denied leave to appeal because the court was “not persuaded that the questions presented should be reviewed.” (Id., PageID.915.)

Petitioner did not file a petition for certiorari in the United States Supreme Court. Instead, he timely filed his habeas petition.

II. AEDPA standard

The AEDPA “prevent[s] federal habeas ‘retrials'” and ensures that state court convictions are given effect to the extent possible under the law. Bell v. Cone, 535 U.S. 685, 693-94 (2002). An application for writ of habeas corpus on behalf of a person who is incarcerated pursuant to a state conviction cannot be granted with respect to any claim that was adjudicated on the merits in state court unless the adjudication: “(1) resulted in a decision that was contrary to, or involved an unreasonable application of, clearly established federal law as determined by the Supreme Court of the United States; or (2) resulted in a decision that was based upon an unreasonable determination of the facts in light of the evidence presented in the state court proceeding.” 28 U.S.C. § 2254(d). “Under these rules, [a] state court's determination that a claim lacks merit precludes federal habeas relief so long as fairminded jurists could disagree on the correctness of the state court's decision.” Stermer v. Warren, 959 F.3d 704, 721 (6th Cir. 2020) (quoting Harrington v. Richter, 562 U.S. 86, 101 (2011) (quoting Yarborough v. Alvarado, 541 U.S. 652, 664 (2004)) (internal quotation marks omitted)). This standard is “intentionally difficult to meet.” Woods v. Donald, 575 U.S. 312, 316 (2015) (internal quotation omitted).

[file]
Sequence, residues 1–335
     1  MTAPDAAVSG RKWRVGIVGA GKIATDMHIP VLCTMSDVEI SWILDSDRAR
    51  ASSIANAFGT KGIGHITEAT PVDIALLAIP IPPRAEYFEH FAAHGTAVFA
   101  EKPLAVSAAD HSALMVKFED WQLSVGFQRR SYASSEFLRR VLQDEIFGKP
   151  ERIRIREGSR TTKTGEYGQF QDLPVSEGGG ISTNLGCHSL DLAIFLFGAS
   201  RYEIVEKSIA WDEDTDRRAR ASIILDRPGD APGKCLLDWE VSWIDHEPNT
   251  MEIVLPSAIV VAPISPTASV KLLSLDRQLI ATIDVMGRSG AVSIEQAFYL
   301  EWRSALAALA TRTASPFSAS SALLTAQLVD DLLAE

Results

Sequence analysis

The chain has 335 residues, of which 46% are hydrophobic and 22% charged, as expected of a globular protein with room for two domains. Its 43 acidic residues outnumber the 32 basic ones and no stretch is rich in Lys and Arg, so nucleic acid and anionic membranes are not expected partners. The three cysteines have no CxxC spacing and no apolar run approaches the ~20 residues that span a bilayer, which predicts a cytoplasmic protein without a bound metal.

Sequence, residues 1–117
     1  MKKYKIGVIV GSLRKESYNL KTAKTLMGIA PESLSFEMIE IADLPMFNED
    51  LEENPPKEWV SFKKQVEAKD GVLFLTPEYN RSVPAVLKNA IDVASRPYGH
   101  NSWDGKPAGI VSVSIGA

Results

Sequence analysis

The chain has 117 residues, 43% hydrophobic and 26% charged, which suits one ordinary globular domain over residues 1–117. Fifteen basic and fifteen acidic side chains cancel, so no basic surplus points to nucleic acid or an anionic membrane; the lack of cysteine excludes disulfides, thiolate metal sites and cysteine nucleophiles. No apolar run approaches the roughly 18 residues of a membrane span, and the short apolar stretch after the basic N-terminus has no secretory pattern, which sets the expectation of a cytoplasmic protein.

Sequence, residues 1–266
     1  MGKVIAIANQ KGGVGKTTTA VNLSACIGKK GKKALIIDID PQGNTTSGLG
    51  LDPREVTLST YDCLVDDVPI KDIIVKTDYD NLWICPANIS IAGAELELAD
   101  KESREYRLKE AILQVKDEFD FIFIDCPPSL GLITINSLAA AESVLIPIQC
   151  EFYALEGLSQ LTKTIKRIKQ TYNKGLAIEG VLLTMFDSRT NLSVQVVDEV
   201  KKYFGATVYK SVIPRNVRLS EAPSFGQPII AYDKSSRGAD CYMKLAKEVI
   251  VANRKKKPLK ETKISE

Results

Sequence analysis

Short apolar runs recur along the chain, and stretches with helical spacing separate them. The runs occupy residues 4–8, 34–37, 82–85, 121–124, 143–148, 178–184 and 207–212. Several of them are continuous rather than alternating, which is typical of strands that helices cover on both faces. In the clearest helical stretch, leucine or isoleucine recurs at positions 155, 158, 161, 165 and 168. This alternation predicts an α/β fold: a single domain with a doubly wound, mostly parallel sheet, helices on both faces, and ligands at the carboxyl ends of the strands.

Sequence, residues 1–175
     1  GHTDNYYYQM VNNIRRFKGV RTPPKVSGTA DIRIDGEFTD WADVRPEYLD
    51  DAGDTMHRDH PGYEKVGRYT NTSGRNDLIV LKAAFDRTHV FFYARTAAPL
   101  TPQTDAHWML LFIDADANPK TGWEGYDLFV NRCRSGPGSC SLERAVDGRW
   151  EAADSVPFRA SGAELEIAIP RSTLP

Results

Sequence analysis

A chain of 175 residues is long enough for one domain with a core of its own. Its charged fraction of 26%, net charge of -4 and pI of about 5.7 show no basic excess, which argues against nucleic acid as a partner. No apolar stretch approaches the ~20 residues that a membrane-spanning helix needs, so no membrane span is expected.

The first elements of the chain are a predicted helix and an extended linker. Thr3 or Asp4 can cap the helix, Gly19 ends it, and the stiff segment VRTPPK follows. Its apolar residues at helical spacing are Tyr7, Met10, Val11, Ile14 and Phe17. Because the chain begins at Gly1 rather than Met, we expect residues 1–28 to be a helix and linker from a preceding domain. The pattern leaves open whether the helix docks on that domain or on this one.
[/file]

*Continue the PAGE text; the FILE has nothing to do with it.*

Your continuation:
The AEDPA limits the source of law to cases decided by the United States Supreme Court. 28 U.S.C. § 2254(d). In determining whether federal law is clearly


established, the Court may not consider the decisions of lower federal courts. Williams v. Taylor, 529 U.S. 362, 381-82 (2000); Miller v. Straub, 299 F.3d 570, 578- 79 (6th Cir. 2002). Moreover, “clearly established Federal law” does not include decisions of the Supreme Court announced after the last adjudication of the merits in state court. Greene v. Fisher, 565 U.S. 34, 37-38 (2011). Thus, the inquiry is limited to an examination of the legal landscape as it would have appeared to the Michigan state courts in light of Supreme Court precedent at the time of the state-court adjudication on the merits. Miller v. Stovall, 742 F.3d 642, 644 (6th Cir. 2014) (citing Greene, 565 U.S. at 38).

A federal habeas court may issue the writ under the “contrary to” clause if the state court applies a rule different from the governing law set forth in the Supreme Court's cases, or if it decides a case differently than the Supreme Court has done on a set of materially indistinguishable facts. Bell, 535 U.S. at 694 (citing Williams, 529 U.S. at 405-06). “To satisfy this high bar, a habeas petitioner is required to ‘show that the state court's ruling on the claim being presented in federal court was so lacking in justification that there was an error well understood and comprehended in existing law beyond any possibility for fairminded disagreement.'” Woods, 575 U.S. at 316 (quoting Harrington, 562 U.S. at 103).